‘Walking the streets of Moscow - Georgiy Daneliya’
In this Russian comedy, the young Siberian writer Volodya meets Kolya in the Moscow metro on his way to visit a famous author. Kolya decides to help Volodya find his way in Moscow leading them from one adventure into another.
With his third film, Walking the Streets of Moscow (1963), released in the middle of the Khrushchev Thaw, Georgiy Daneliya provided his own take on the French New Wave, departing from conventional Soviet realism in favour of something far more optimistic and bright. It’s a carefree, easy-going depiction of life in the city that could slot nicely alongside Breathless (1960) and Lola (1961) thanks to its formal and narrative lightness. It was typical of the type of subversive content that Khrushchev tolerated in the name of de-Stalinization. Still the film managed to shock the Soviet censors, leading the arts committee to claim they had no idea what the film was about and force Daneliya to include a scene where a cleaner criticizes idle writers.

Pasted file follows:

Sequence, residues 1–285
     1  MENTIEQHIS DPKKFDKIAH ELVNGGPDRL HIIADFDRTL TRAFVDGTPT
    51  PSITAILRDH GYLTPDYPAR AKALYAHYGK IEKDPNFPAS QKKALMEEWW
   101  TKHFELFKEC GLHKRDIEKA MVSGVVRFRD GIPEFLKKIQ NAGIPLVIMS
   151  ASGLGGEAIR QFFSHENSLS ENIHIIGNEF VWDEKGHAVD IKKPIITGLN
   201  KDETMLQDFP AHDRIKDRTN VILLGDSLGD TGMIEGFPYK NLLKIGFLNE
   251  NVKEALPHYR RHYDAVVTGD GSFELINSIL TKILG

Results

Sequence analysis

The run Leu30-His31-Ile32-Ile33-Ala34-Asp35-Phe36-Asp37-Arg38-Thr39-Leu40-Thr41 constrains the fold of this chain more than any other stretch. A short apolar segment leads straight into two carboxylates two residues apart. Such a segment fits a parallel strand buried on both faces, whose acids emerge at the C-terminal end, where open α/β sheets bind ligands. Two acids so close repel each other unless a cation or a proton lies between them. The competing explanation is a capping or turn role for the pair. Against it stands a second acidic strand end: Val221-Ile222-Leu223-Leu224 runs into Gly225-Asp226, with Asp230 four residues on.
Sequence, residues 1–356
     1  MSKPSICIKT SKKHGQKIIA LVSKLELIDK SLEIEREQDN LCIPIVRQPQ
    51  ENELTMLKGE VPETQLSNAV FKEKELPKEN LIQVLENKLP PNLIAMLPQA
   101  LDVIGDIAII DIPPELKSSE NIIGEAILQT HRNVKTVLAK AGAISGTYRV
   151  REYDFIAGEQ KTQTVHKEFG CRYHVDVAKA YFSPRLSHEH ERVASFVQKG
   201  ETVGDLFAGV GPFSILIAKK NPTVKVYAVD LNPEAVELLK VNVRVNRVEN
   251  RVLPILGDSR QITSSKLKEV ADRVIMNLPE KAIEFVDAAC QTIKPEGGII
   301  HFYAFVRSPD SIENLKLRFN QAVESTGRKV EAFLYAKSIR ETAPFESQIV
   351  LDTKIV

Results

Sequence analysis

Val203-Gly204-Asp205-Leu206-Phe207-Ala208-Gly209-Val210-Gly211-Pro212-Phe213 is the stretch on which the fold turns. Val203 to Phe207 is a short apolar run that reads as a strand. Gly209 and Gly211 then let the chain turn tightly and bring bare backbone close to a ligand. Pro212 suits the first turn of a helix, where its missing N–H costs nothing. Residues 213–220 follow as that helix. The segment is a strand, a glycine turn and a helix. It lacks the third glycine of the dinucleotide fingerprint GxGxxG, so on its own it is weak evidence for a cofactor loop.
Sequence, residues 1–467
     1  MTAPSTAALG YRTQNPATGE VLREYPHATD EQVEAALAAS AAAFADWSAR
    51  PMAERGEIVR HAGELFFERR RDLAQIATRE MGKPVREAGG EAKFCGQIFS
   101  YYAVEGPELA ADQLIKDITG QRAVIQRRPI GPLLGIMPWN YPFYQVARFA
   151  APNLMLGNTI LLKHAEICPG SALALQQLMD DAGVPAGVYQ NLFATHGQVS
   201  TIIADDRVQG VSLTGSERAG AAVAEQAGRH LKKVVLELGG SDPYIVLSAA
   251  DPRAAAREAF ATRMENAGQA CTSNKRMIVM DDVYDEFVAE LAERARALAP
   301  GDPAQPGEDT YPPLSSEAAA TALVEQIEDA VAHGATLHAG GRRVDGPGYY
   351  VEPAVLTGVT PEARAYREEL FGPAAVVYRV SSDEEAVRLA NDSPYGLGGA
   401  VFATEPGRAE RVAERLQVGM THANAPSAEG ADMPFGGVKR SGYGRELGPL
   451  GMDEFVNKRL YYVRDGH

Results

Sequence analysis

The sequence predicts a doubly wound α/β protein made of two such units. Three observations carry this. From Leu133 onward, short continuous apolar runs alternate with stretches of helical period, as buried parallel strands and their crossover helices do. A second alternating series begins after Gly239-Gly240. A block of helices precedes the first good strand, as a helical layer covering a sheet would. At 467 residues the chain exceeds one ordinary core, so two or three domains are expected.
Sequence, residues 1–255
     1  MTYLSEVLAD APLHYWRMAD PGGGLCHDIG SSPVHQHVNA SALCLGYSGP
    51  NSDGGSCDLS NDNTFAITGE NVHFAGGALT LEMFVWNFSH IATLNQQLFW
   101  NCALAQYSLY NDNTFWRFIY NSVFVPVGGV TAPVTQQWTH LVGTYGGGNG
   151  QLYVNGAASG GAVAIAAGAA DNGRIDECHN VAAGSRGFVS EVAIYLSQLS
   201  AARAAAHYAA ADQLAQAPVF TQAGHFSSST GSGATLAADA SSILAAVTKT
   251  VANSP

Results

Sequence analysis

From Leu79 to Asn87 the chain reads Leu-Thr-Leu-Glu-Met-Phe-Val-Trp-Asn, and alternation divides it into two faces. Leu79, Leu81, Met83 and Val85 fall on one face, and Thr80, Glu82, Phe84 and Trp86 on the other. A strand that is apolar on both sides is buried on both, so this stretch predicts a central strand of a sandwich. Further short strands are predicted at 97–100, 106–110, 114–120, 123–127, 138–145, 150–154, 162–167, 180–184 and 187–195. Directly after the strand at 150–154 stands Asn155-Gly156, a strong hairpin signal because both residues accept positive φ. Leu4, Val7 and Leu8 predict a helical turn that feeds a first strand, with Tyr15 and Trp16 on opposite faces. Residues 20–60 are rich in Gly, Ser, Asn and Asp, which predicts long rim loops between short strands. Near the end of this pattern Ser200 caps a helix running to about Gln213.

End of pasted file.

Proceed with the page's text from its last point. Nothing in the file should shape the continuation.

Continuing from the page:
Mont des Arts | Kunstberg
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